Tasmania’s convict past is well documented and many of the structures associated with this period of history have been maintained or refurbished with many, especially bridges and public buildings, still in use. As we drove around the island, we stopped by some of these places and towns that have associations with convict times.
So here’s our small selection of convict sites we visited in Tasmania…..
Tasmania’s Convict Past
Richmond, about an hour north of Hobart is the site of the first Convict settlement and the first gaol (jail), built in 1825, seven years before the establishment of the Penal Colony at Port Arthur. Richmond Gaol is open to the public and is well maintained and presented, with activities for children and good displays showing the harsh live endured by those sent here.
Spend about an hour looking around and enjoy a picnic in the gardens outside. If it’s a Saturday Market day, drop by for a look, the venue is just behind the public toilets.
The Port Arthur Penal Settlement is probably more well known than Richmond and other penal settlements, possibly because of its location and size, not to mention the history of the settlement. When the settlement closed down, the name was changed so people would forget and many of the buildings were damaged or destroyed by bushfires.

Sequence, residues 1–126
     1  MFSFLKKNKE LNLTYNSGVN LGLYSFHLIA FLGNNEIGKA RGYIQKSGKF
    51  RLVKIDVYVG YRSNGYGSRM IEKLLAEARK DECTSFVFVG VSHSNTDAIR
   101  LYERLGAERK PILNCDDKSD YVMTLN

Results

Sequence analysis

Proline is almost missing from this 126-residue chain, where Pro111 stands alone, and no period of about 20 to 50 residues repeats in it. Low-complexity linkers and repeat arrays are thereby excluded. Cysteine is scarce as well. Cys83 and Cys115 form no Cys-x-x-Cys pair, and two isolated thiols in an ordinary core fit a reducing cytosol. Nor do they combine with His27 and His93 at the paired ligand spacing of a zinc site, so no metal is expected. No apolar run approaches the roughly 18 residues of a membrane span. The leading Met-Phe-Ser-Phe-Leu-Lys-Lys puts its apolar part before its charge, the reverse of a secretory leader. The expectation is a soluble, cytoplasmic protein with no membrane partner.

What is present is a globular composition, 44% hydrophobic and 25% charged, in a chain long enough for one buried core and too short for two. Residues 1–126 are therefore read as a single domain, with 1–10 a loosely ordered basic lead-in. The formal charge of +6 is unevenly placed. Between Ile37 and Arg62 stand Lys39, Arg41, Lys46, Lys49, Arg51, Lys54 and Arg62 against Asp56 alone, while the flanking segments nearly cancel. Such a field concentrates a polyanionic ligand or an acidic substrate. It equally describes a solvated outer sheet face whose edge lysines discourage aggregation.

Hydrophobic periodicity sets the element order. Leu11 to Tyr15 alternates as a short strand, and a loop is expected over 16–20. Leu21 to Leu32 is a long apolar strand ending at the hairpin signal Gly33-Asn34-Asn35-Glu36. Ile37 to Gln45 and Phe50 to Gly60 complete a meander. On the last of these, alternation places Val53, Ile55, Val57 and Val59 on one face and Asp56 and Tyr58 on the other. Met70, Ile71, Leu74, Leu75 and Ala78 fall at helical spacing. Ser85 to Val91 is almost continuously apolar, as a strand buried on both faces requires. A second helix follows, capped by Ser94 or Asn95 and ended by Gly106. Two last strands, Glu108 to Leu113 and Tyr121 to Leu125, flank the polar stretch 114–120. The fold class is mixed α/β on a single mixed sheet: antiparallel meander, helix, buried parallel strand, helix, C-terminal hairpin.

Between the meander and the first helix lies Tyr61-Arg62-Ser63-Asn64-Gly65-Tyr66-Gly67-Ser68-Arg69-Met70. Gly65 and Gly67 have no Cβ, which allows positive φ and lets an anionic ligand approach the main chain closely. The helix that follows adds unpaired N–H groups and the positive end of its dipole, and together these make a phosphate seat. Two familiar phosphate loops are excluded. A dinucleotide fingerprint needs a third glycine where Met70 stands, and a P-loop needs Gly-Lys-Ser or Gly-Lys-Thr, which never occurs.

Only later did the people decide that it was necessary to recognise what happened. The name of Port Arthur was restored and work began to bring the area to what it is today, an integrated facility open to the public which describes the life of the convicts, their gaolers and the gaolers’ families. The entry fee includes a guided walk and boat trip around the bay. Look out for the Solitary Confinement block, the chapel of which was a particularly nasty place for the prisoners.
Female Factories in Ross and Hobart – The Cascades Female Factory and the one is Ross, are former Australian workhouses for female convicts in the penal colony of Van Diemen’s Land, now Tasmania. The Hobart museum is located off Cascade Rd in South Hobart and would be a good stop on your way to Mt Wellington. The Factory site in Ross is slightly to the south of the town, past the Town Hall and turn right.
The Ross Bridge (shown above) is the first built by convict labour, earning the two stonemasons their freedom and still carries traffic in and out of the town daily.
The convict period in Tasmania was a time of great cruelty and hardship particularly for the convicts. But the free settlers who went to the colony had to do it tough as well. Visitors can appreciate both the architecture and stories of the people of those times.
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